The Minoans have always bedeviled historians. Now one of the great mysteries has been cleared up: where they originated.
- Tribe of Dan: Sons of Israel, or of Greek mercenaries hired by Egypt?
- Monumental Ancient Naval Bases Discovered in Athens' Piraeus Harbor
- Last practitioner of Minoan rituals may have lived in Jerusalem's Old City till '48
- Unknown monumental palace rewrites ancient Greek history
Living almost 4,000 years ago, the Minoans were among the first people in the world known to have developed writing, a system called Linear A, not that we know what it says. On their dinky little island home of Crete, the Minoans built massively and grandly. Their art dazzled, and their legends – note ye the Minotaur – are appreciated, if not believed, to this day.
In fact, they shone so brightly among the farming folk of antiquity surrounding them, that historians always assumed they had to have come from somewhere else (no, not outer space), and brought advanced knowhow with them.
Not so, a new genetic study has shown. They were locals. The Minoans on Crete and their mainland neighbors, the Mycenaeans, both descended from the stone-age farmers of western Anatolia and the Aegean, plus smidgens of heritage from the Caucasus and Iran. The two were very closely related to each other, and to modern Greeks, says the team in their paper in Nature on their genetic origins.
In other words, both the Minoans and Mycenaeans originated in Neolithic populations of what are today Turkey and Greece.
There was a difference: unlike the island-dwelling Minoans, the Mycenaeans had genes from hunter–gatherers of eastern Europe and Siberia, says the team.
"Our results support the idea of continuity but not isolation in the history of populations of the Aegean, before and after the time of its earliest civilizations," writes the team. That fits in well with their history of far-ranging travel, trade and war. Israel for one has plenty of artifacts of obvious Minoan and Mycenaean origin. Even far-off Sweden does: copper axes dating to 3,600 years ago were made using copper from the Aegean.
Mysterious writing on the wall
While Linear A remains enigmatic, Linear B, the writing of the Mycenaeans, was actually an early form of Greek.
The conclusions are based on genetic analysis of remains from 19 bodies, including Minoans, Mycenaeans, a Neolithic individual from mainland Greece, and Bronze Age individuals from southwestern Anatolia.
Why so few? Extracting usable genetic material from ancient bones is extraordinarily difficult, and is predicated on superb preservation – emphatically, not fossilization – of the tissue. Fossil means it's turned to rock and one can't get blood from a stone, let alone delicate DNA. "Preserved" means that the original tissue is still there, thousands of years old but still, somehow, not decayed. Classic environments for preservation include peat bogs, bone-dry desert caves, but not the lush, humid Mediterranean region. Hence the paucity of usable remains.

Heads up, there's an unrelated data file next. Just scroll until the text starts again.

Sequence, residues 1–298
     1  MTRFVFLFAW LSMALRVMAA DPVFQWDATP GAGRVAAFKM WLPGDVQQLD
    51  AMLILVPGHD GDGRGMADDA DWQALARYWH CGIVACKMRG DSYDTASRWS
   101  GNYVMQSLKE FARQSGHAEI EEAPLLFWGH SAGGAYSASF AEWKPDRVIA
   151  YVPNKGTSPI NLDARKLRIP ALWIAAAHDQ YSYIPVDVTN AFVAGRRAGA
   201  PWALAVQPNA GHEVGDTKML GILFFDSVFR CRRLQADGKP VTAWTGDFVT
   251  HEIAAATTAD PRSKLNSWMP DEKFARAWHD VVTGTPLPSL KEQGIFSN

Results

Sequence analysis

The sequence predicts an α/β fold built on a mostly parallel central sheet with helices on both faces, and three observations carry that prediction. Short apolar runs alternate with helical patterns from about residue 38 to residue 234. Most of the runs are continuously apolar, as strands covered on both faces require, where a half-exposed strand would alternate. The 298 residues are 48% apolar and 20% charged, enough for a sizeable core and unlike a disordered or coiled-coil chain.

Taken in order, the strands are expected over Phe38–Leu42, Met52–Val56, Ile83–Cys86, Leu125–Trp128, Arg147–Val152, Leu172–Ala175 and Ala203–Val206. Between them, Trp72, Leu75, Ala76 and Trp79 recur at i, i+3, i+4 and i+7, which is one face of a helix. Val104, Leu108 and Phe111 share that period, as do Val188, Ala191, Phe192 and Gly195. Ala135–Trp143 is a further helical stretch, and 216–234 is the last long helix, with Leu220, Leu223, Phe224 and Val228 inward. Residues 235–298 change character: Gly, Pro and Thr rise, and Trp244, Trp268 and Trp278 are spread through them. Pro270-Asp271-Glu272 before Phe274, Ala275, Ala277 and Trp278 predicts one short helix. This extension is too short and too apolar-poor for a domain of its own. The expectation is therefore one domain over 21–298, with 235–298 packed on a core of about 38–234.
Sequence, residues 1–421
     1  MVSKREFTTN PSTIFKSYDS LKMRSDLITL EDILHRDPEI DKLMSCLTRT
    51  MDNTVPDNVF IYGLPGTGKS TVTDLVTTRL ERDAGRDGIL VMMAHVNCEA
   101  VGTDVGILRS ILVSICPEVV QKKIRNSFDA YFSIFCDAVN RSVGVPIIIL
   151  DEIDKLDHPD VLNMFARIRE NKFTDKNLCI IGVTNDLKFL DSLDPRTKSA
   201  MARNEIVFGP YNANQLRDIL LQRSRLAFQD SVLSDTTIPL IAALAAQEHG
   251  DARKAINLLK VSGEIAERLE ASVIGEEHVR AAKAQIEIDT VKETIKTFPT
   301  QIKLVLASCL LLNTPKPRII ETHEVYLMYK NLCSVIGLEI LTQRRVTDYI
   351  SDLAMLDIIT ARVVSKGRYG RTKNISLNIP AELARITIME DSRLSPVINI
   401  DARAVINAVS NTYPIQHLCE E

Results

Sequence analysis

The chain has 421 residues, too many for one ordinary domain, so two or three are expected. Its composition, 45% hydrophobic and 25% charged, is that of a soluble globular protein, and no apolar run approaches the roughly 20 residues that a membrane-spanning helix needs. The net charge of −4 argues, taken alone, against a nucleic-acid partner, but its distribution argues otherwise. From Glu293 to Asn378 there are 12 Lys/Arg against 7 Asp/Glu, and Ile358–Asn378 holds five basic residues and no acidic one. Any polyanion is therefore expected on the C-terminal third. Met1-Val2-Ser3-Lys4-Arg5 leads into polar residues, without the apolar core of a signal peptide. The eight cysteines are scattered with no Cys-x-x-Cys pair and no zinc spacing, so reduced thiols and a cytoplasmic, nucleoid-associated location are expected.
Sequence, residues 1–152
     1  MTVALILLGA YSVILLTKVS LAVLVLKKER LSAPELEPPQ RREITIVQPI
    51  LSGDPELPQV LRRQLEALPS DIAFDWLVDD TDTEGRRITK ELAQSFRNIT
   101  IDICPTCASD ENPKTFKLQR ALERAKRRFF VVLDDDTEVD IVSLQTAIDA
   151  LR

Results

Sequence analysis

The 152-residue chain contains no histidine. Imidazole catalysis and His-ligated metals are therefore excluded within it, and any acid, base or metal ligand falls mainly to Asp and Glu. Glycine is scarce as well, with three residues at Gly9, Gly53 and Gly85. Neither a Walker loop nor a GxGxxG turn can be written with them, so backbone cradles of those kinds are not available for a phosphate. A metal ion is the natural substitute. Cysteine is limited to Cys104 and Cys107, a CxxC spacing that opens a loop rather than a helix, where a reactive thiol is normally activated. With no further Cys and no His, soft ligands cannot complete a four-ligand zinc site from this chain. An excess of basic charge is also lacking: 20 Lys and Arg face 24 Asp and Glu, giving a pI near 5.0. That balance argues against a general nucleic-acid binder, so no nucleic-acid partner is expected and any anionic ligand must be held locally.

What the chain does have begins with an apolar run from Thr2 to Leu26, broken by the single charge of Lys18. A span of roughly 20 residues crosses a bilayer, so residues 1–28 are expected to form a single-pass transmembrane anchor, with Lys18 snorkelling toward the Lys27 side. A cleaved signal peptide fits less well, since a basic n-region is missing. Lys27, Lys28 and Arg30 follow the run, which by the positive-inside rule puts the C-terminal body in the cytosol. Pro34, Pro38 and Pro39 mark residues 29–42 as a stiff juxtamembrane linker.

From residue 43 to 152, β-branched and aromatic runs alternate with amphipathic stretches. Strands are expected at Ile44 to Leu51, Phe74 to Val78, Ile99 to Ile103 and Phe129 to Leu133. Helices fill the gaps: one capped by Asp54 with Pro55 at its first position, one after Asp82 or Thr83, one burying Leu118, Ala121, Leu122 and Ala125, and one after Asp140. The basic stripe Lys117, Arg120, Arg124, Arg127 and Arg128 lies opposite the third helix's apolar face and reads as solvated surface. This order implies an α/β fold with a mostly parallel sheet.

However, the team could cross-reference their findings with previously published data from nearly 3,000 other human remains, ancient and modern, they explain.
Atlantis still lost
The result is that the Minoans didn't come from some unknown, fabulous civilization. They didn't arise in mythical Atlantis or anywhere else. They were locals, the scions of farming folk in Turkey and Greece, says the team, headed by Johannes Krause of the Max Planck Institute for the Science of Human History.
As for that introduction of genes to Mycenaeans from Iran and the Caucuses to the east, the archaeologists speculate this to be the remains of an unknown migration event. At least one fertile pastoralist, or a whole slew, from the northern steppes reached as far as mainland Greece, but did not reach the Minoans on Crete, it would seem.
Though not identical to these Bronze Age populations from thousands of years ago, modern Greeks are genetically closely related to the Mycenaeans, says the team. Naturally, by now today's Greeks have other additions to their gene pools and a corresponding decrease in heritage from the Neolithic Anatolians.
"It is remarkable how persistent the ancestry of the first European farmers is in Greece and other parts of southern Europe, but this does not mean that the populations there were completely isolated," says Iosif Lazaridis of Harvard Medical School, the lead author of the study, adding, "The Greeks have always been a 'work in progress' in which layers of migration through the ages added to, but did not erase the genetic heritage of the Bronze Age populations."